Buying guaranteed losses

dollarSurely one of the strangest trends on the world investment markets these days is banks paying negative rates to depositors, and bonds issued with negative interest rates. Basically that means that these institutions, and issuers, are guaranteeing a loss when you invest in their bonds or otherwise lend them money.

This unusual trend, which has been growing quietly in the background throughout Europe, became news last month when the Bank of Japan, the Japanese equivalent of the Federal Reserve banking system, announced that, starting February 16, it would pay minus 0.1% to Japan’s lending institutions on all new money deposited into the central bank’s reserve accounts. (The central bank will pay 0% on deposits required for regulatory reasons, and will continue to pay +0.1% on existing deposits.)

For the past year and a half, the European Central Bank has been “offering” sub-zero rates to its member banks—currently charging 0.3% for holding banks’ cash overnight. The Central Bank of Sweden, meanwhile, leads the world in negative deposit rates, at -1.1%. The central banks of Switzerland (-.75%) and Denmark (-.65%) also charge dearly for the privilege of loaning money to their governments.

By the end of last year, roughly a third of all the bonds issued by Eurozone governments also carried negative yields—meaning that it wasn’t just banks that were willing to buy investments guaranteed to lose money. French government bonds with a two-year maturity paid investors a handsome -.292%, and German two-year bonds reached a record low of -.348%. Now Japan is joining the fun, with two-year bond yields at minus 0.85% and bonds with 5-year maturities “paying” a negative .08%. This is the obvious reason why global investors are flocking to Treasuries and dollar-denominated bonds. The yield spread between U.S. corporate bonds and the bonds issued by foreign countries have seen a dramatic rise over the past 12 months.

Negative payments are considered to be a particularly effective way to shoo money out of the parking lot and force banks to start lending it into the economy—driving up the supply of available money and thereby driving down rates. It’s a form of economic stimulus to everybody but the banks themselves, and also lowers the value of the currency—which, in turn, stimulates exports and raises profits of companies doing business overseas. A double stimulus, if you will.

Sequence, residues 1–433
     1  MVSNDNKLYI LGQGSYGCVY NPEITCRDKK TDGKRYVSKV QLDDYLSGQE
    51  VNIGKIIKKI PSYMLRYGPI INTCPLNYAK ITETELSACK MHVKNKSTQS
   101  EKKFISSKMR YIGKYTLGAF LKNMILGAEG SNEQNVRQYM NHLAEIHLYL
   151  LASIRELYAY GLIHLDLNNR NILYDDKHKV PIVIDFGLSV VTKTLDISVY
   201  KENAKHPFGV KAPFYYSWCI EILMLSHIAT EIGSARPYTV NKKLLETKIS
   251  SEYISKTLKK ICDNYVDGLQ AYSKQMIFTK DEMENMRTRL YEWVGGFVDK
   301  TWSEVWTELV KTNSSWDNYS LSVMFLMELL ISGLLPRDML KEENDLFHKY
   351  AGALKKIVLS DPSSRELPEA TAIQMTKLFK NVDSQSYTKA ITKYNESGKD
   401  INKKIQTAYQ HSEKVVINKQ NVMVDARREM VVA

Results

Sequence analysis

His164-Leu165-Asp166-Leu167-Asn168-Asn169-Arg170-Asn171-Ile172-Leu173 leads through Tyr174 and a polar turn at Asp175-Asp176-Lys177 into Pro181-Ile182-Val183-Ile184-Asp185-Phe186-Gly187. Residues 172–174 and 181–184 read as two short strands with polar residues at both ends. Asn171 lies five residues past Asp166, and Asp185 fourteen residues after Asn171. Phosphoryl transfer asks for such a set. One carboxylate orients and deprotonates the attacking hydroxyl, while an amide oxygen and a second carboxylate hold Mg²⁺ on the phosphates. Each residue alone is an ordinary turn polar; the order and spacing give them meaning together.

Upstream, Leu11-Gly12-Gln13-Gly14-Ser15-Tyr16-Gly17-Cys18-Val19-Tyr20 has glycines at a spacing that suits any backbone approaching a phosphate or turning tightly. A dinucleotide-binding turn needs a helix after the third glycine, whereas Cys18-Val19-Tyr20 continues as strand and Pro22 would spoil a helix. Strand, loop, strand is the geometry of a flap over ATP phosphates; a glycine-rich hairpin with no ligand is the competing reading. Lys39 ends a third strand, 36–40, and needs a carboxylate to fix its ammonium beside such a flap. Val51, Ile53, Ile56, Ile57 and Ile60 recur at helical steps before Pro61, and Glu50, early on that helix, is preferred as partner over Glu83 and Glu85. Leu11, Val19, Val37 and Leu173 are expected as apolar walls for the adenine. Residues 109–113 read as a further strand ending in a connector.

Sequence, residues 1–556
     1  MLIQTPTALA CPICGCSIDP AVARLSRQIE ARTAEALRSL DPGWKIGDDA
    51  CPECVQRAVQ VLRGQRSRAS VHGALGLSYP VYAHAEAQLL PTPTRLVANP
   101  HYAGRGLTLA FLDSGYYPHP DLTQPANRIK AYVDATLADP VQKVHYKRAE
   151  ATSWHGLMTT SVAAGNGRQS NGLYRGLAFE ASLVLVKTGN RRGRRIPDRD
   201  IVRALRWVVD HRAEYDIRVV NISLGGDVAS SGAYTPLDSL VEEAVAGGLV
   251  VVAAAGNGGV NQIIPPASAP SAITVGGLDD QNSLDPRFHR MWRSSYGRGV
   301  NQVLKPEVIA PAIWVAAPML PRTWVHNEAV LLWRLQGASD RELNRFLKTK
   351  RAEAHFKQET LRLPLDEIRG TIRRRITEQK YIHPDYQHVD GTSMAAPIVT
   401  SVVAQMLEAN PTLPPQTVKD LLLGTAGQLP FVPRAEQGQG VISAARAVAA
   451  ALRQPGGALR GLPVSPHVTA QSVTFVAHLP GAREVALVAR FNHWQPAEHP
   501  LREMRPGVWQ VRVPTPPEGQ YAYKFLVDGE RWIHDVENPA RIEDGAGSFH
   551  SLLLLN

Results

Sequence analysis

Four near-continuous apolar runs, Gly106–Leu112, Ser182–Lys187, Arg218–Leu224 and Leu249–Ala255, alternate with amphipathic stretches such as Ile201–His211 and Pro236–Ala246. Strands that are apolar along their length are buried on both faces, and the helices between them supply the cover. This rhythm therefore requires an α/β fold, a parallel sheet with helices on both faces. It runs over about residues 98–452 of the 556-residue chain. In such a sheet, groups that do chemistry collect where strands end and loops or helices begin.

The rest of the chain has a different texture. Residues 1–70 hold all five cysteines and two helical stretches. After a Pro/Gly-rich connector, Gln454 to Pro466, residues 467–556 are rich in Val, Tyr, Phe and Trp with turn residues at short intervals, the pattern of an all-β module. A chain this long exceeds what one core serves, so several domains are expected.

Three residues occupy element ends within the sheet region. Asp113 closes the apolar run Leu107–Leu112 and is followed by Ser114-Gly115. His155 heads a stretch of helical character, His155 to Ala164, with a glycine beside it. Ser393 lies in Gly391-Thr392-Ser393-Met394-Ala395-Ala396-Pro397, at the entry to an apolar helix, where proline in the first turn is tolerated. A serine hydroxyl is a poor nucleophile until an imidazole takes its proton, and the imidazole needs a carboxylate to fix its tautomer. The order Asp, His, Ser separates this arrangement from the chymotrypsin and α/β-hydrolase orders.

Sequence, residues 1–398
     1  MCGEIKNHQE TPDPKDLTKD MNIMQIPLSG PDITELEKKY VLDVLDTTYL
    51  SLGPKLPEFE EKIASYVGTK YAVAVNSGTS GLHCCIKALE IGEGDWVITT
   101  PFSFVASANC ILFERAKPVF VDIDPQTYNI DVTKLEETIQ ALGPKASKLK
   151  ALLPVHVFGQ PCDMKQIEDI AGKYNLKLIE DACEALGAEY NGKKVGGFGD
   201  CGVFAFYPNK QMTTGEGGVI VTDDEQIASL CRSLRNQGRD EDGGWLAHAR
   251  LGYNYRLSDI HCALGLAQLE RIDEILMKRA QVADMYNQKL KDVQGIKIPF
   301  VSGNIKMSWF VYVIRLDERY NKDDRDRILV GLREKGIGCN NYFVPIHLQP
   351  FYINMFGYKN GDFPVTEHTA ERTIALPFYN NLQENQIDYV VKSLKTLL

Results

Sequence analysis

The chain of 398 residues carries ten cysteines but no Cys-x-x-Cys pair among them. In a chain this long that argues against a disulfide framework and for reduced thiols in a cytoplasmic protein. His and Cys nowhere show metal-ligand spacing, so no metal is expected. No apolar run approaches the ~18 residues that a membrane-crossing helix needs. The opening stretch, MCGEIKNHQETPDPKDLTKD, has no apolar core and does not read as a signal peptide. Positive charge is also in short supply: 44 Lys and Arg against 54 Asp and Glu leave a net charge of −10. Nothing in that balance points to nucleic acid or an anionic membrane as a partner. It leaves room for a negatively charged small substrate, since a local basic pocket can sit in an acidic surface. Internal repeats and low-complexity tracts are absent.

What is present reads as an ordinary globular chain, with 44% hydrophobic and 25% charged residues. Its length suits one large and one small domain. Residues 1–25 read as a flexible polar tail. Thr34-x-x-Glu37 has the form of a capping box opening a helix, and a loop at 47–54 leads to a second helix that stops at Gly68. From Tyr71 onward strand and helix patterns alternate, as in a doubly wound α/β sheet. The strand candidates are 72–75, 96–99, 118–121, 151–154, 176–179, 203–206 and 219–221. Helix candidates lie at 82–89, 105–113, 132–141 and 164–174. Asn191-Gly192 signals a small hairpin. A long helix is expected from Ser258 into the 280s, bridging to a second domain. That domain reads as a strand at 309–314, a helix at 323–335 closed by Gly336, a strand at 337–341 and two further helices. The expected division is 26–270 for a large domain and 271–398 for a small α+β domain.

Sources:

http://www.marketwatch.com/story/what-you-need-to-know-about-the-bank-of-japan-and-negative-interest-rates-2016-01-29?utm_campaign=Financial+Planning&utm_source=hs_email&utm_medium=email&utm_content=25806642&_hsenc=p2ANqtz–HCeOHPFud4-uFeRgdjB3aJeopigWm1Le6aOwryOv_eJFt72Ys6cREZBNn8HPgSU_54Dpu6U20DP_1zxd2ouQBJUQGUw&_hsmi=25806642

http://www.bloombergview.com/quicktake/negative-interest-rates

http://www.bloomberg.com/news/articles/2015-10-23/draghi-s-signal-adds-190-billion-to-negative-yield-universe

http://www.bloomberg.com/news/articles/2016-01-29/bank-of-japan-s-negative-interest-rate-decision-explained

http://www.bloomberg.com/news/articles/2016-01-29/japan-s-10-year-yield-drops-to-record-after-boj-s-negative-rate

About Objectively Speaking

Tom Batterman, founder of Vigil Trust & Financial Advocacy and Financial Fiduciaries, LLC is in the business of representing the best financial interests of his clients. Having provided objective, fee-only financial management services for over two decades, he specializes in managing the investment and related financial affairs of individuals and mutual insurance companies who do not have the time, interest or expertise to manage such matters on their own. As an objective, unbiased professional who takes on a fiduciary responsibility to his clients, he guides clients to the financial decisions they would make themselves if they had years of training and experience and the time and expertise to fully research and understand all of their options. Founded in 2010 as an outgrowth of Vigil Trust & Financial Advocacy, Financial Fiduciaries, LLC is a financial management solution for individuals and mutual insurance companies who recognize they do not have the time, interest or expertise to properly attend to their financial matters on their own. While there are many financial “advisors”, most of them have investment products to sell and the “advice” they provide is geared toward getting their clients to engage in a purchase. As one of the rare subset of advisors known as “fiduciary advisors”, Financial Fiduciaries does not sell any investment product so its guidance is not compromised by conflicts of interest which plague ordinary advisors. Prior to his employment in the financial industry in financial advocacy and trust positions, he worked at a private law practice in the Wausau area in the areas of estate planning, tax, retirement planning, corporate organizations and real estate. He is a graduate of the University of Wisconsin-Madison and the UW-Madison Law School and has during his career held Series 7, 24 and 65 securities licenses. A longtime resident of the Wausau, Wisconsin Area, Tom is active in the community. He enjoys golf, curling, skiing, fishing, traveling and spending time with his family.
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